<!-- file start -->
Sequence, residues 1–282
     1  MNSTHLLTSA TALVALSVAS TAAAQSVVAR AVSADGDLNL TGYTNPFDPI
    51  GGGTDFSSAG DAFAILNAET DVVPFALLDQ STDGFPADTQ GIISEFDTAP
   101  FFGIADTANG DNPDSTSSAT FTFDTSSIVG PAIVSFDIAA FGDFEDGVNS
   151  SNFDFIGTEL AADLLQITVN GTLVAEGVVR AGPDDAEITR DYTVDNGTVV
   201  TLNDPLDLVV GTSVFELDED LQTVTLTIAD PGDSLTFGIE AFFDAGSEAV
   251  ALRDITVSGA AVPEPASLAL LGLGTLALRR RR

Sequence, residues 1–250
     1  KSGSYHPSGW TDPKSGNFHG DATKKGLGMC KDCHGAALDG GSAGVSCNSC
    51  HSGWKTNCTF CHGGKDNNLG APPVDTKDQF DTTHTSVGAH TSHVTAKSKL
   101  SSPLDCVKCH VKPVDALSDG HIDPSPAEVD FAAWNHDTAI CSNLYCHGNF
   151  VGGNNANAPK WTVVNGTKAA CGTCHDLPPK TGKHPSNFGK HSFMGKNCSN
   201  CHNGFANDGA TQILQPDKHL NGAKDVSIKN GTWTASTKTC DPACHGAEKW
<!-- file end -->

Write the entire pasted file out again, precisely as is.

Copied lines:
Sequence, residues 1–282
     1  MNSTHLLTSA TALVALSVAS TAAAQSVVAR AVSADGDLNL TGYTNPFDPI
    51  GGGTDFSSAG DAFAILNAET DVVPFALLDQ STDGFPADTQ GIISEFDTAP
   101  FFGIADTANG DNPDSTSSAT FTFDTSSIVG PAIVSFDIAA FGDFEDGVNS
   151  SNFDFIGTEL AADLLQITVN GTLVAEGVVR AGPDDAEITR DYTVDNGTVV
   201  TLNDPLDLVV GTSVFELDED LQTVTLTIAD PGDSLTFGIE AFFDAGSEAV
   251  ALRDITVSGA AVPEPASLAL LGLGTLALRR RR

Sequence, residues 1–250
     1  KSGSYHPSGW TDPKSGNFHG DATKKGLGMC KDCHGAALDG GSAGVSCNSC
    51  HSGWKTNCTF CHGGKDNNLG APPVDTKDQF DTTHTSVGAH TSHVTAKSKL
   101  SSPLDCVKCH VKPVDALSDG HIDPSPAEVD FAAWNHDTAI CSNLYCHGNF
   151  VGGNNANAPK WTVVNGTKAA CGTCHDLPPK TGKHPSNFGK HSFMGKNCSN
   201  CHNGFANDGA TQILQPDKHL NGAKDVSIKN GTWTASTKTC DPACHGAEKW